Researchers believe the auto-balancing effect may help us keep our color perception consistent, even when the color palette of our surroundings changes drastically – just like adjusting the picture on your television. Researchers added that it likely takes several weeks for our visual system to re-calibrate to a particular season’s hues. 

This newly discovered quirk in color perception probably won’t lead to any medical breakthrough, but it is a colorful example of how our bodies, unbeknownst to us, adapt to changing environments.


Music could help treat epilepsy


Researchers are increasingly reporting the therapeutic potential of music. 

Now, a new study suggests it could be useful for treating epilepsy. ecently presented at the American Psychological Association's 123rd Annual Convention, the findings reveal that the brains of individuals with epilepsy respond differently to music than those of people without the condition. As such, study co-author Christine Charyton, of The Ohio State University Wexner Medical Center, and colleagues believe music could be used in combination with existing treatments for epilepsy. 

Approximately 2.9 million children and adults in the US have epilepsy - a neurological condition characterized by the occurrence of seizures. According to Charyton, around 80% of epilepsy cases are temporal lobe epilepsy, where seizures begin in the temporal lobe of the brain. The temporal lobe is home to the auditory cortex - the part of the brain that processes sound. With this in mind, the team set out to investigate how music impacts the brains of individuals with epilepsy. 

Music triggered greater synchronization in patients with epilepsy 

The researchers analyzed data from 21 individuals who were admitted to the epilepsy monitoring unit at the Wexner Medical Center between September 2012 and May 2014, alongside data from individuals without epilepsy. Subjects' brainwave patterns were measured via electroencephalogram (EEG) as they took part in a listening exercise. All participants were required to listen to silence for 10 minutes, before listening to one of three songs - Mozart's Sonata in D Major, Andante Movement II (K448) or John Coltrane's rendition of My Favorite Things - followed by another 10-minute silence.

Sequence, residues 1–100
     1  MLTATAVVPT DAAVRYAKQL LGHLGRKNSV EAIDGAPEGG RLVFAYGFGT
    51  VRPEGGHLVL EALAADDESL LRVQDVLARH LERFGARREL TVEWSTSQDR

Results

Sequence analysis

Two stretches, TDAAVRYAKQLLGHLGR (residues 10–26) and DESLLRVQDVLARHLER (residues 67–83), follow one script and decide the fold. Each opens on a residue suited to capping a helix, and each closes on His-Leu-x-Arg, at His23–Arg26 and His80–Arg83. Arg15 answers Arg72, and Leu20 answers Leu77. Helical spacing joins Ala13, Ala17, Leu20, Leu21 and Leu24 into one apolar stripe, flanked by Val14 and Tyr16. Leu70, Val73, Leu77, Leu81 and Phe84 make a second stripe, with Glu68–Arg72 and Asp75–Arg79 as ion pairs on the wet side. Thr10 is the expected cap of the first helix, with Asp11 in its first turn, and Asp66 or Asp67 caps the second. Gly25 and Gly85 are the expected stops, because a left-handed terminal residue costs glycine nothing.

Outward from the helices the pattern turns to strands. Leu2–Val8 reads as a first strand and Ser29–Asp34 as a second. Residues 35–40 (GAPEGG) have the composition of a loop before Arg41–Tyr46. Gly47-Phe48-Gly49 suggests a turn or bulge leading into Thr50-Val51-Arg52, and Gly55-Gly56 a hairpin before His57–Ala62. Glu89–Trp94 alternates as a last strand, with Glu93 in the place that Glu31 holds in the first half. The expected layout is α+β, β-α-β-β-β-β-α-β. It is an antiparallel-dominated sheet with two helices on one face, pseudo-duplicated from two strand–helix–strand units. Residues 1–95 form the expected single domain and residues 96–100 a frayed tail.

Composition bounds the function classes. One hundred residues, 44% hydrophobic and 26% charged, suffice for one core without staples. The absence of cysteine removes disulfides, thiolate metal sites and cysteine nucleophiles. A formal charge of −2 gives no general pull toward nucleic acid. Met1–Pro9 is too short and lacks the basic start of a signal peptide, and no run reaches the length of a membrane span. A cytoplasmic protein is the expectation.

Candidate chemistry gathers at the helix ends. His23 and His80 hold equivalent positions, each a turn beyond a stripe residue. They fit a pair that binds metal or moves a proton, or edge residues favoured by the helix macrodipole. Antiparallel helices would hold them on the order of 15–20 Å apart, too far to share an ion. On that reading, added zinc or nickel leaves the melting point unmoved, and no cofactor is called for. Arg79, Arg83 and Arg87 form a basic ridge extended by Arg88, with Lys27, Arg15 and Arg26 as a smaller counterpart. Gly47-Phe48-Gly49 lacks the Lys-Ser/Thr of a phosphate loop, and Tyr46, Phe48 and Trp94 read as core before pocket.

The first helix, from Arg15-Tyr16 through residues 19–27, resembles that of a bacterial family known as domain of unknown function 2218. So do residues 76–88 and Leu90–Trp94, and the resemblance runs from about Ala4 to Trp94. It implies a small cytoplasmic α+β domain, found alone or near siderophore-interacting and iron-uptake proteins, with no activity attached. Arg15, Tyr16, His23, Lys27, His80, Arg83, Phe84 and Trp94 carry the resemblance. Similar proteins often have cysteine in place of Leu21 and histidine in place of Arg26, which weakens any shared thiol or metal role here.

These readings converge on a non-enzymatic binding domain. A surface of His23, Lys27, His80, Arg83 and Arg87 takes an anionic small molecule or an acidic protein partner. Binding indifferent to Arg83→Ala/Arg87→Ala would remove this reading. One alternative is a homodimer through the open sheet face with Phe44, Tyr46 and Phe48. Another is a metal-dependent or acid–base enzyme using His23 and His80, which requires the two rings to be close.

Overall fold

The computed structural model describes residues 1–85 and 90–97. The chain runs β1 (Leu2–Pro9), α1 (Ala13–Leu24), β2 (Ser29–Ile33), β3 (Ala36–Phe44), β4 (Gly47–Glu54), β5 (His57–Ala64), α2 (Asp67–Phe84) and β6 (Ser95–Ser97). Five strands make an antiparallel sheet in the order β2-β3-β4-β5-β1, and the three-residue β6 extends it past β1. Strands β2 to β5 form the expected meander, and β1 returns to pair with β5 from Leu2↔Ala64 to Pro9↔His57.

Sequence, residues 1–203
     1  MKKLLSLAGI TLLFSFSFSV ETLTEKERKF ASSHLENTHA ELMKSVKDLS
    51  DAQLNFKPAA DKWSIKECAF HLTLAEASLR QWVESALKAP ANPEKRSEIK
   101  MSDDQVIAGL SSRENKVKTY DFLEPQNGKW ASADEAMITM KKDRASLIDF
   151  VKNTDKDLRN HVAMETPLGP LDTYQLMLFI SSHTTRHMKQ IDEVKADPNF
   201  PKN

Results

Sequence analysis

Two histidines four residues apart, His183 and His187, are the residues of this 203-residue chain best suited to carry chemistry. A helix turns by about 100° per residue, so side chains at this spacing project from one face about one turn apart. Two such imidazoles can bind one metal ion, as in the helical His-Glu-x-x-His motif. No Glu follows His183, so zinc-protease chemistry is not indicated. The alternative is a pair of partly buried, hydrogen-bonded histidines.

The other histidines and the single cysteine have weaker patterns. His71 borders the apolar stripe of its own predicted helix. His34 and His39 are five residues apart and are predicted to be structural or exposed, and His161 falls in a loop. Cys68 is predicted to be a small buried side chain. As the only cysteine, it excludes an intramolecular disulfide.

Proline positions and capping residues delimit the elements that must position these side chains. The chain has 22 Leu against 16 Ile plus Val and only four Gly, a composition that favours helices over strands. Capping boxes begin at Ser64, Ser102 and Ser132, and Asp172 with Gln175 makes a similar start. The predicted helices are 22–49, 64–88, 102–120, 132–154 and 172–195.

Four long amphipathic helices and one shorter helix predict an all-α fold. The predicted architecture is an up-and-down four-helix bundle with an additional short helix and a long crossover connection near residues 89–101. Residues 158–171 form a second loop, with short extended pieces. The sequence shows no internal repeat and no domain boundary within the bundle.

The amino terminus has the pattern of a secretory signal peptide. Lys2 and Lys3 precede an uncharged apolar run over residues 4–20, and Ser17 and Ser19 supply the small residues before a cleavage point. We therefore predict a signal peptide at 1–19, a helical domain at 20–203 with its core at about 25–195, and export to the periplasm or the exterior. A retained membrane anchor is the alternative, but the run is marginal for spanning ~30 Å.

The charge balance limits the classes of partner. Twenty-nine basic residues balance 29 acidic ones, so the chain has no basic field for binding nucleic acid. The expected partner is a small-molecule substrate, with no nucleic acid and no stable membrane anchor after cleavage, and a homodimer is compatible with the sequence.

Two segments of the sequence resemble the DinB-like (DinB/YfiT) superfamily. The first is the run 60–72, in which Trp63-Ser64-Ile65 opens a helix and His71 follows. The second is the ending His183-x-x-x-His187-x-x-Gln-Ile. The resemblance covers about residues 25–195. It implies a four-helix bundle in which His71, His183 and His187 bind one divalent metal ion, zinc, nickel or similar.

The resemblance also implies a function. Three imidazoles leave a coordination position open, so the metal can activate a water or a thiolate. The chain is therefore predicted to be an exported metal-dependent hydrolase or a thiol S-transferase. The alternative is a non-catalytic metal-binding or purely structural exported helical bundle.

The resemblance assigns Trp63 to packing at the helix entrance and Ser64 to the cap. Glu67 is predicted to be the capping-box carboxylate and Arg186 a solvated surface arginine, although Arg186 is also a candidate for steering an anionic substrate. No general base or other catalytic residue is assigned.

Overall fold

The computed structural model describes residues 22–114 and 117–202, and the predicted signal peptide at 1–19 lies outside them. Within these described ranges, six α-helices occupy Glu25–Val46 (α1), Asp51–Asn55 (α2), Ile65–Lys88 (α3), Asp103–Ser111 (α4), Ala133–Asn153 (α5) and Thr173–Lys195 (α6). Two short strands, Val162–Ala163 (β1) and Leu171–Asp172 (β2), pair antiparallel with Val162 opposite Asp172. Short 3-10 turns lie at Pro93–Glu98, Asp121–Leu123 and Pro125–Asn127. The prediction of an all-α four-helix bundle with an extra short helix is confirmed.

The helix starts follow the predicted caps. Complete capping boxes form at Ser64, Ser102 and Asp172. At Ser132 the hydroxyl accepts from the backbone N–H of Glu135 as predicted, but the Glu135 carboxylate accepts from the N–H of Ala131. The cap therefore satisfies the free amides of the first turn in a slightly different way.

They then listened to the remaining two songs, before listening to another 10-minute silence. As expected, participants with and without epilepsy demonstrated heightened brainwave activity when they listened to music. However, those with epilepsy showed greater synchronization with the music in the frontal and temporal lobes than participants without the disorder. Charyton told Medical News Today the team was surprised by these findings. 

"We knew that musicians synchronize more with music but we were not sure how persons with epilepsy would respond," she said. "Persons with epilepsy synchronize before a seizure. However, in our study, patients with epilepsy synchronized to the music without having a seizure." Based on these findings, Charyton says that in combination with existing treatments, music could be a "novel intervention" to help prevent seizures in patients with epilepsy. 

She told us: "Persons with epilepsy may use the music to relax; stress causes seizures to occur. By listening to the music, many patients reported that they felt relaxed. This study is the first step to see if music could impact the brain." 

Charyton added that the team plans to conduct more research to determine the exact point at which music may stimulate synchronization to prevent seizures in epilepsy. Epilepsy is not the only condition for which music may have therapeutic potential. In 2013, Medical News Today reported on a study suggesting music was more effective that prescription drugs for reducing anxiety, and it may even boost the immune system.